The paradigm shift in the defence architecture of Andaman and Nicobar Islands occurred when the first integrated theatre command of the Indian Armed Forces was set up in the form of ‘Andaman Nicobar Command (ANC)’ at Port Blair in 2001.But with the limited joint capability among the three armed forces, ANC, hitherto, has had mixed results. ANC definitely is a step forward for the eventual reorganization of armed forces of our country into integrated theatre commands which will be better suited to deal with the security challenges decisively in a holistic manner.
With the nature of warfare changing from being manpower-intensive (as during the World war periods and some decades thereafter) to more technology-centric, there is an urgent need to institute a Force Structure Commission with an aim to improve the tooth-to-tail ratio resulting in an agile and responsive defence force.

Role of Andaman and Nicobar Islands in furthering the national interests of India:

Since the foreign policy is guided by the national interests of India,viz.,securing a peaceful and an amicable external environment to ensure the sustainable development of India so as to pull out the remaining millions from poverty and to ensure equitable development inside the country. In order to achieve a conducive external and internal environment for our country’s inclusive development, securing national borders is as significant as securing the exclusive economic zones which are repository of natural resources of various kinds and protecting the SLOCs from disruption in coordination with other countries both in immediate and extended neighborhood of India.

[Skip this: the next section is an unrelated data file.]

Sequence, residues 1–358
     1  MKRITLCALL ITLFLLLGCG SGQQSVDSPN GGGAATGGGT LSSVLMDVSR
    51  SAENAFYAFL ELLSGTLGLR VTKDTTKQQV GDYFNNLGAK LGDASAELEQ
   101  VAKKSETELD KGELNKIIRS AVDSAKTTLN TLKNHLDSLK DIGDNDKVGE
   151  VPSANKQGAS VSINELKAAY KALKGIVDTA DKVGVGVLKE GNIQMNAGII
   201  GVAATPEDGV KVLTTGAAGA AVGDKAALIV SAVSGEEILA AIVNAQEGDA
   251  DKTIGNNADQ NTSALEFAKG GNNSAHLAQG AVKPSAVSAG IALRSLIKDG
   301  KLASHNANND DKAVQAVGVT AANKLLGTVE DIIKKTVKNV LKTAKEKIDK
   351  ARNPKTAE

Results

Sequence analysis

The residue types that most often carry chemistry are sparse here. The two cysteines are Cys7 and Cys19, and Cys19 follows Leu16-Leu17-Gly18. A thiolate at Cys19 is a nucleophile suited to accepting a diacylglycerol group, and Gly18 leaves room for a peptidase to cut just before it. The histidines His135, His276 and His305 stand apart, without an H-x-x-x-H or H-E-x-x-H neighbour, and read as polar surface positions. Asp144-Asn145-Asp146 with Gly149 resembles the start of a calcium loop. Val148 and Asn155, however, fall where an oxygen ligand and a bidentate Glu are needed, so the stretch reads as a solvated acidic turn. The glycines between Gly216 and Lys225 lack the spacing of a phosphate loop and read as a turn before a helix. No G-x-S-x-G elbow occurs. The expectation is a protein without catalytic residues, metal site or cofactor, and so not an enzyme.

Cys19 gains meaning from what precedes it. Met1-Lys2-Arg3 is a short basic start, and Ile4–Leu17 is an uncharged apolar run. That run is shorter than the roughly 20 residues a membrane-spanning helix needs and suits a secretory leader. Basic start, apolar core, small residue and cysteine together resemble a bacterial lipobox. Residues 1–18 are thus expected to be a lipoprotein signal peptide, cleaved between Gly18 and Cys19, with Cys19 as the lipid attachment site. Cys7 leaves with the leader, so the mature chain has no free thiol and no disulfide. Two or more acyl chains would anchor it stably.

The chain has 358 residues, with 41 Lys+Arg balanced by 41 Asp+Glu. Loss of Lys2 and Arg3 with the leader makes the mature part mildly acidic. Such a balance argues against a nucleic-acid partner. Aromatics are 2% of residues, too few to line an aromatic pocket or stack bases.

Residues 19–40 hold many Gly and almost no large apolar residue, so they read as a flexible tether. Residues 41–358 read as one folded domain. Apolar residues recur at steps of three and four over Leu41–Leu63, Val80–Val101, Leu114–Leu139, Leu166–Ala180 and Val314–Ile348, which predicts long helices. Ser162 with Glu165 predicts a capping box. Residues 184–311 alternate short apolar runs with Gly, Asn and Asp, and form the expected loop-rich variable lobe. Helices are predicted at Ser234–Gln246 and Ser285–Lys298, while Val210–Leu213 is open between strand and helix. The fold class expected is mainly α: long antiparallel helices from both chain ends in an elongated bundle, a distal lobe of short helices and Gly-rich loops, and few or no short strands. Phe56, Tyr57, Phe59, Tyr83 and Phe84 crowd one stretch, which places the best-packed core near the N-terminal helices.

About 90% of India’s trade and oil imports are moved by sea lanes of communications (SLOCs), the prominent one passing through the Straits of Malacca to which Andaman & Nicobar Islands have geographical proximity. As our country’s economy becomes more globally integrated, it would become more dependent on the oceans.

The re-emergence of China has led to renewed interest in the Indian Ocean. Indian Ocean has acquired a great salience not only because of the various trade routes that pass through it but also as a bridge to connect the various countries located in the Indian Ocean region through initiatives like ‘Project Mausam’ and with the help of multilateral organizations like Indian Ocean Rim Association (IORA). ‘Project Mausam’ (being coordinated by the Indira Gandhi National Centre for Arts IGNCA, New Delhi) aims to revive the historic maritime, cultural and economic ties with the 39 Indian Ocean countries including China and Pakistan.